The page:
Last week, the U.S. Supreme Court ruled in a case involving a Virginia man who could legally purchase a firearm and did so for an uncle from Pennsylvania. Even though the Pennsylvania man who ultimately bought the gun was not legally prohibited from owning a firearm and passed a background check, the Court, in a 5-4 decision, said the transfer violated federal “straw purchase” law.
The ruling has resulted in confusion among federal firearm licensees (FFLs), particularly relating to gift purchases of firearms.
The Bureau of Alcohol, Tobacco, Firearms and Explosives has been asked to provide clarification on the Supreme Court’s decision for its firearms retailer members.
Meanwhile, it is our understanding that the Supreme Court ruling does not make it illegal for a consumer to purchase firearms as gifts.
As noted in the instructions on the Form 4473 for Section 11.a.
Actual Transferee/Buyer: For purposes of this form, you are the actual transferee/buyer if you are purchasing the firearm for yourself or otherwise acquiring the firearm for yourself (e.g., redeeming the firearm from pawn/retrieving it from consignment, firearm raffle winner). You are also the actual transferee/buyer if you are legitimately purchasing the firearm as a gift for a third party.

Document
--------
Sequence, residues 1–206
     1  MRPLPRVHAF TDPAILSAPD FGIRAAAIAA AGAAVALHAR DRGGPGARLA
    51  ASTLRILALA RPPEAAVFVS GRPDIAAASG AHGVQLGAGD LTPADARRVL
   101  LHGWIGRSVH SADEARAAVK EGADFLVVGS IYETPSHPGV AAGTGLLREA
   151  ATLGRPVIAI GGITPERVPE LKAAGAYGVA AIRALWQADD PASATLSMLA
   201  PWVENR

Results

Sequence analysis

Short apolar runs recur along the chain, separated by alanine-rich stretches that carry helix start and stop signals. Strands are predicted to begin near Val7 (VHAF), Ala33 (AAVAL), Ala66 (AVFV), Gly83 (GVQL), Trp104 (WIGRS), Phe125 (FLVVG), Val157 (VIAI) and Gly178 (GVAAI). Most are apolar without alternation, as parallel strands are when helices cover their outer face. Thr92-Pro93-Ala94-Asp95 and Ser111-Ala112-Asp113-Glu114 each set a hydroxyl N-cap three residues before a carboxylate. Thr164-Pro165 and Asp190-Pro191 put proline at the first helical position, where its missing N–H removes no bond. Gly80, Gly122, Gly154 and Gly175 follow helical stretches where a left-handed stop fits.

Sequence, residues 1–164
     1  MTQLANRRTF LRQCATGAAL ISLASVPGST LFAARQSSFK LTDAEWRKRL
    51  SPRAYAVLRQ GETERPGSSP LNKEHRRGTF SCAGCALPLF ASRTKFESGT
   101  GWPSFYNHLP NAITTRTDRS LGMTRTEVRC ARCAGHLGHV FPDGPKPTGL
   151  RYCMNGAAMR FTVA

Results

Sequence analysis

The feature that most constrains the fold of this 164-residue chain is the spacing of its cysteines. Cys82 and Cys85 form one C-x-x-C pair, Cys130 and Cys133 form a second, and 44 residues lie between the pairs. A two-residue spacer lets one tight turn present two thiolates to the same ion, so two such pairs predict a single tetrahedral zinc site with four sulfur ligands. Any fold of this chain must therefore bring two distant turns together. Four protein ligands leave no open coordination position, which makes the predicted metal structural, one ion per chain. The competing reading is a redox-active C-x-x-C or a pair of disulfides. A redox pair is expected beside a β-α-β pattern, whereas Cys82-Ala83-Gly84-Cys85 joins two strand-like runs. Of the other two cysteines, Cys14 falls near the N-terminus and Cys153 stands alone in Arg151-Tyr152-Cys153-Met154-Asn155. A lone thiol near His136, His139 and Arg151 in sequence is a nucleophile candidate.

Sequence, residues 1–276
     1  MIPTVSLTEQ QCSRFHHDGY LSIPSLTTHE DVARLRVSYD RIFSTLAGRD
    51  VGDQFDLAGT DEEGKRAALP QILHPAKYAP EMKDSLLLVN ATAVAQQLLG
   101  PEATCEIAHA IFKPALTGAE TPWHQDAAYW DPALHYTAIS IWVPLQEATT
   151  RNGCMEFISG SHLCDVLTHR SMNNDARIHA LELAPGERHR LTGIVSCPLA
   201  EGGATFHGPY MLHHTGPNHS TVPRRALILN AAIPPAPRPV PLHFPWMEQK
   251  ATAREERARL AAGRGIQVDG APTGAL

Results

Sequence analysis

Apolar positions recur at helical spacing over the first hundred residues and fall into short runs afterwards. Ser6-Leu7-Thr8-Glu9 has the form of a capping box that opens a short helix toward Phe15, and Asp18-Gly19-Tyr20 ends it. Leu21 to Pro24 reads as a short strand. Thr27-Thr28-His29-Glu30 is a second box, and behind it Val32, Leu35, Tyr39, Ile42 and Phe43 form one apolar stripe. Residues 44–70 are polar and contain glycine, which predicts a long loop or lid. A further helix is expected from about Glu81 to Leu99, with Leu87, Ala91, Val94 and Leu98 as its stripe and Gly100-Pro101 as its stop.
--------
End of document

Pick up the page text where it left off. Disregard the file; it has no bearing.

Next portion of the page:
In the case Abramski v. United States, the Court ruled that the Virginia man, a former police officer purchasing the firearm at a discounted price, was acting as agent for the true buyer, his uncle. By declaring he was the “actual buyer” on the Form 4473, the Virginia man violated straw purchase law, because in effect he was acting as an agent for his uncle who had provided the funds for the purchase.
The difference seems to come down to the fact that it was not a gift because his uncle paid the buyer for the item.
Remember, if you are using a gun trust to purchase NFA firearms, not to simply add someone to make a purchase you would not be able to make to avoid the potential problems associated with a Straw Purchase.